How does the size of He- compare to that of a neon atom?

In summary, the conversation discusses the comparison of atomic sizes between He- and Ne atoms. The trend of increasing atomic size as you go down the periodic table is explained, as well as the decrease in size as you move to the right due to the electrostatic force between electrons. It is clarified that noble gas atoms are smaller than alkali metal atoms in the same period, but the size increases sharply when moving to the next period. The final conclusion is that He- is larger than Ne due to its lower electrostatic attraction and fewer protons, making the electrons less tightly bound to the nucleus.
  • #1
I understand that He- is larger than He, but I don't know which is bigger between He- and Ne.. please help??
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  • #2
Does anyone know the answer to this? How does the He- ion compare in size to that of the Ne atom?? How can you tell which one is bigger?
  • #3
First, compare the size of He- with that of Li. Second, compare Li with Ne. What is the general trend in atomic size within each row of the periodic table?
  • #4
Oh I see.. Well I understand the trends but I don't understand why it is that way. Do you have a explanation that can clear it up??
  • #5
Just to make sure we are on the same page, explain the trends the way you understand them.
  • #6
Well as you go down the periodic table, the size of the atoms will increase because of the addition of higher energy levels, increasing atomic radius. However, when you go across the periodic table to the right, the electrostatic force between electrons causes them to become more compact and smaller. However, once the energy level is completely filled with electrons, the atom (noble gas) is larger.
  • #7
I agree with everything except the last sentence. There is no reason for the noble gas atoms to break out of the general scheme. They are the smallest atoms within a period. However, between a noble gas atom of one period and the alkali metal of the next period, the radius rises sharply, because the next period starts a new electron shell.
  • #8
So would the He- be larger than the Ne atom, since it would be on the some energy level, but farther to the left on the periodic table?
  • #9
Would it be larger or smaller than neutral Li?
  • #10
neon would be smaller than lithium. Does this mean that He- would be larger than neon?
  • #11
I did not express myself clear. Would He- be larger or smaller than Li?
  • #12
I imagine that the helium ion would be smaller... because it has less protons than lithium does... but there is also the fact that since there are less protons than lithium, there is less electrostatic attraction, and so the electrons are not held in as close for the helium ion. I feel that this more likely explains why a helium ion is not likely to stay as an ion for very long. Am I correct?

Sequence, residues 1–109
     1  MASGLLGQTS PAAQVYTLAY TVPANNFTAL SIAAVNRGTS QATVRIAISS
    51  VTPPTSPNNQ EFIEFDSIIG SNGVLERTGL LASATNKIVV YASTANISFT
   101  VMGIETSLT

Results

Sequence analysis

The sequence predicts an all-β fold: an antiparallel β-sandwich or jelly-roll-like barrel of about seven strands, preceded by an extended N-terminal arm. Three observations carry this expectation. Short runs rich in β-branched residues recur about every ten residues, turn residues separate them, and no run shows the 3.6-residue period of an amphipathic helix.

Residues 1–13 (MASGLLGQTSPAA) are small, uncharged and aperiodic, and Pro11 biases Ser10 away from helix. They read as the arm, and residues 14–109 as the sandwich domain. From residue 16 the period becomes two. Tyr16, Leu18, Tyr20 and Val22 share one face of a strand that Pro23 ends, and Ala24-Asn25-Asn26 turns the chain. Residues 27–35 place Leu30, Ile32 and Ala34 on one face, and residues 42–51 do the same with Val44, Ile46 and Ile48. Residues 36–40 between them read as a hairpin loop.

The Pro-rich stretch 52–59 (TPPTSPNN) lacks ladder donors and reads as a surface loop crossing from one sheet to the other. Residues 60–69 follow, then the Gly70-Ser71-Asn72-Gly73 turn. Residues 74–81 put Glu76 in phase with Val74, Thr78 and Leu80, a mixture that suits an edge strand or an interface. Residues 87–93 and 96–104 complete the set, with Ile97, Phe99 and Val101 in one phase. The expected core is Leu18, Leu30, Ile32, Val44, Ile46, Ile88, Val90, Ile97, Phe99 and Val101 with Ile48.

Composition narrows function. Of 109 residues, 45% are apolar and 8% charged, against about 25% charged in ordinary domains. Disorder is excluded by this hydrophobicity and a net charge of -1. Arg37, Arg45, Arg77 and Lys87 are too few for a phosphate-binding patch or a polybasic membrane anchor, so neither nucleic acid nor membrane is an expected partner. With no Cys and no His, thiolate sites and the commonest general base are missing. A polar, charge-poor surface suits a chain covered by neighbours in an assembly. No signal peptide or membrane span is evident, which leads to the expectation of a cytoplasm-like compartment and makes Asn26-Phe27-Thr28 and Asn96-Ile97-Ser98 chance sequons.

• #13
Yes, you are thinking correctly. It will be larger than Li EXACTLY for the same reason Li is larger than Be.
  • #14
Okay, thank you for helping me clear that up! So He- is larger than Ne because although they are on the same energy level, He- has less of an electrostatic attraction, being that it has less protons, and so the electrons are not bound as tightly to the nucleus as they would be with Ne.

1. How does the size of He- compare to that of a neon atom?

The size of He- (helium ion) is smaller than that of a neon atom. This is because He- has one less electron than neon, making it have a smaller atomic radius.

2. Why does He- have a smaller size than neon?

He- has a smaller size because it has one less electron than neon. This results in a smaller atomic radius, making it physically smaller.

3. Is the size difference between He- and neon significant?

Yes, the size difference between He- and neon is significant. Even though they are both small atoms, the difference in atomic radius can have a significant impact on their chemical and physical properties.

4. How does the size of He- affect its reactivity?

The smaller size of He- makes it more reactive than neon. This is because the smaller atomic radius allows for stronger interactions with other atoms, making it easier for He- to form bonds and undergo chemical reactions.

5. Can the size of He- and neon be measured accurately?

Yes, the size of He- and neon can be measured accurately using various techniques such as X-ray crystallography or electron microscopy. These methods allow for the determination of the atomic radius and size of atoms.